Alpha Centauri: How Habitable Is Our Nearest Solar System?

There are lots of reasons why an alien planet may not be quite as nice, at least in the eyes of us spoiled Earthlings. Perhaps its surface temperature is hundreds of degrees and covered in molten rock. Perhaps its atmosphere is entirely poisonous carbon monoxide. Or perhaps it's bombarded by a steady stream of X-rays.

X-rays have their uses, but without a planetary version of the lead apron that protects the rest of your body during a dental exam, these stellar emissions could prove deadly for any form of life as we know it trying to make its way in the world.

And that's been a bit of a concern for scientists with their eye on the solar system nearest ours, Alpha Centauri.

But according to new research presented at the annual conference of the American Astronomical Society this week, planets orbiting the two main stars in that solar system should receive a reasonably tolerable amount of X-ray radiation.

"This is very good news for Alpha Cen AB in terms of the ability of possible life on any of their planets to survive radiation bouts from the stars," Tom Ayres, an astrophysicist at the University of Colorado Boulder, said in a press release. "Chandra [telescope observations] shows us that life should have a fighting chance on planets around either of these stars."

That solar system contains three stars and at least one planet, and if humans are going to send probes to any neighboring region, Alpha Centauri is definitely the place to start. There's talk of a NASA mission to do just that launching in 2069, and it's the destination for the privately funded Breakthrough Starshot probe as well.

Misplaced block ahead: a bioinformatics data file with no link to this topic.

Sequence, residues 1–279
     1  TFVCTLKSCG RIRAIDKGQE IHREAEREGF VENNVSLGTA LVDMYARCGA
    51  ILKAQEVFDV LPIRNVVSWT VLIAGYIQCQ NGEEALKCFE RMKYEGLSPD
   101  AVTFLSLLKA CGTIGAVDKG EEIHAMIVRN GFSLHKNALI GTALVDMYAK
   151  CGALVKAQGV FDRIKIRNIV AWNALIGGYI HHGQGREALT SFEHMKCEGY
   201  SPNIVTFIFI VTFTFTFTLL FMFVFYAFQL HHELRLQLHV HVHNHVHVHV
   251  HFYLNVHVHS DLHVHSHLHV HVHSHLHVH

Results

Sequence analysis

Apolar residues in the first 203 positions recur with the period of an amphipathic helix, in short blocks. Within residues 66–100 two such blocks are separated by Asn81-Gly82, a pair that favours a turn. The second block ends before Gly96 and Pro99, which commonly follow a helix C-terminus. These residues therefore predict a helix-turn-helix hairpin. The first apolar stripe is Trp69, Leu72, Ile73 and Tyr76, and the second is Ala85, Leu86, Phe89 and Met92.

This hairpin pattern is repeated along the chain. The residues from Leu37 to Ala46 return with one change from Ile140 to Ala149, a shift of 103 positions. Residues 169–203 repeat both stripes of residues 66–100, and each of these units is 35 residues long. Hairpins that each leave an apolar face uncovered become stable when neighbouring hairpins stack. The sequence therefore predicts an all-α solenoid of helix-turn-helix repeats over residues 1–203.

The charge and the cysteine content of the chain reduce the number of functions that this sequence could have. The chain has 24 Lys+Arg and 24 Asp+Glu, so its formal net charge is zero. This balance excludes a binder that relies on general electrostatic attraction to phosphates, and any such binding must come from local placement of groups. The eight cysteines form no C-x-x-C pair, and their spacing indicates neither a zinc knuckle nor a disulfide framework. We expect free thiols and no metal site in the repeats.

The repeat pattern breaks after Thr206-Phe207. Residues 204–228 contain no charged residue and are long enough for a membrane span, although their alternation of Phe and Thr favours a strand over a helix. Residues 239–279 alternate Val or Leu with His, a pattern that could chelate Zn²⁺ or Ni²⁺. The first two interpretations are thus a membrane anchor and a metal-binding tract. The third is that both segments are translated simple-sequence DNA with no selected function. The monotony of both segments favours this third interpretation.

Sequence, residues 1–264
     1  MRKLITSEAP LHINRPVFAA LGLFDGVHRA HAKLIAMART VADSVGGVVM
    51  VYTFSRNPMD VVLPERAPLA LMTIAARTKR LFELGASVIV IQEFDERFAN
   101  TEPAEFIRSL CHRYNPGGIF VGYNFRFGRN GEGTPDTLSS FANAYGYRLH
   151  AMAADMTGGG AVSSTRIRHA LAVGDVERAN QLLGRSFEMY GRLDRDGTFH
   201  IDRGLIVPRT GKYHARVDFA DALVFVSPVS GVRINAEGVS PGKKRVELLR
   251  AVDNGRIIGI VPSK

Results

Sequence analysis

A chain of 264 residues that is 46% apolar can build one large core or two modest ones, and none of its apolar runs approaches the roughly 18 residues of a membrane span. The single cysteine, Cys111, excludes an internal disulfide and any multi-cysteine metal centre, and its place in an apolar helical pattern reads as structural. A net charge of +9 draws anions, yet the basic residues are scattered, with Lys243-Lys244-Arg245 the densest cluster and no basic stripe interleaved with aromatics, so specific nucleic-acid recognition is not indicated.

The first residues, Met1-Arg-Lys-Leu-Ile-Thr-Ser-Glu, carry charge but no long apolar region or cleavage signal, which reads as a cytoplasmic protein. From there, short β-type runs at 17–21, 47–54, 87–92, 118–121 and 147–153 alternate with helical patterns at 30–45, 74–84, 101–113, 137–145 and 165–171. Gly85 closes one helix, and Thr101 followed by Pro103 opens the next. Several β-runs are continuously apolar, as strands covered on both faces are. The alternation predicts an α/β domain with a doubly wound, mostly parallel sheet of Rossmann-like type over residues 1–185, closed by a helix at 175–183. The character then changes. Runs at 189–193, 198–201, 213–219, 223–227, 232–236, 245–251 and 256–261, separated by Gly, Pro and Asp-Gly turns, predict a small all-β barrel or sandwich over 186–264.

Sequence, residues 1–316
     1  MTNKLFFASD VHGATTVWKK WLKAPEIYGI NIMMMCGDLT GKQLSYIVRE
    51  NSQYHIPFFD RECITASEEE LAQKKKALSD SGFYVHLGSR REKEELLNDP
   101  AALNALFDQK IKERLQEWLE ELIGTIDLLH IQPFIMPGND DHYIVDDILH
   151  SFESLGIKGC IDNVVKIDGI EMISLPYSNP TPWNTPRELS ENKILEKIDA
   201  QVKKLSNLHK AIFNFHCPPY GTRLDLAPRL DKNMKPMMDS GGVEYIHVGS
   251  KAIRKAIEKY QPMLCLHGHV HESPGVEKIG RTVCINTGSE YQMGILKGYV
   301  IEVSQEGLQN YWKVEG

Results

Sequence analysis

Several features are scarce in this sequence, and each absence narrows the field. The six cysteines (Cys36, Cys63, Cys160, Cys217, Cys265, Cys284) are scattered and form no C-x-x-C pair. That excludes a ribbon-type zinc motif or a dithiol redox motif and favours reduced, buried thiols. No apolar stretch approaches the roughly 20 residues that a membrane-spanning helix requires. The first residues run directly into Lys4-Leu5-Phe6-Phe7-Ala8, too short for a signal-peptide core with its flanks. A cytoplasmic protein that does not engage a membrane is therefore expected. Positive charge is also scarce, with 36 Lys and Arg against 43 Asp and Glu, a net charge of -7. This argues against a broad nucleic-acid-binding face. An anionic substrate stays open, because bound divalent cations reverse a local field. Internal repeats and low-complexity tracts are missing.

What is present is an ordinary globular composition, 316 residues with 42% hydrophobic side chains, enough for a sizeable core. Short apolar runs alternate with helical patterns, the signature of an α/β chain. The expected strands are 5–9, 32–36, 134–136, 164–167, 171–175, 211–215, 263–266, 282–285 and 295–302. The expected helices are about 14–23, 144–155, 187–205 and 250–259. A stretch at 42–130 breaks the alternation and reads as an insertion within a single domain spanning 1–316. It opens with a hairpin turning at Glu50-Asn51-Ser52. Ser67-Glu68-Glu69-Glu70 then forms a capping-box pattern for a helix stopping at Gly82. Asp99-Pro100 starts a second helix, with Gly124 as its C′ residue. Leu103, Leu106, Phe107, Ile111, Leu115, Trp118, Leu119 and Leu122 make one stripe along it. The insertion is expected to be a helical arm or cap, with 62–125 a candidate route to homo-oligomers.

An artist's depiction of what it might look like to stand on the surface of Proxima b, around our solar system's nearest neighboring star. M. Kornmesser/ESO/AFP/Getty Images

But there are some questions we can answer without needing to send robots all the way out there, and the X-ray question is one of them. The team used data gathered by the Chandra Observatory, a space telescope tuned to X-rays, to estimate the amount of radiation a planet around these stars might receive.

Their calculations confirmed worries that Proxima Centauri produces far too many X-rays to be comfortable—a planet here might get a radiation dose 500 times stronger than on Earth, and 100 times that during a serious flare.

But any planets that exist around Alpha Centauri A and Alpha Centauri B should be much better off, receiving at most about five times the radiation as Earth and its neighbors. So that's one more worry off the list—now if only we could find planets in the first place.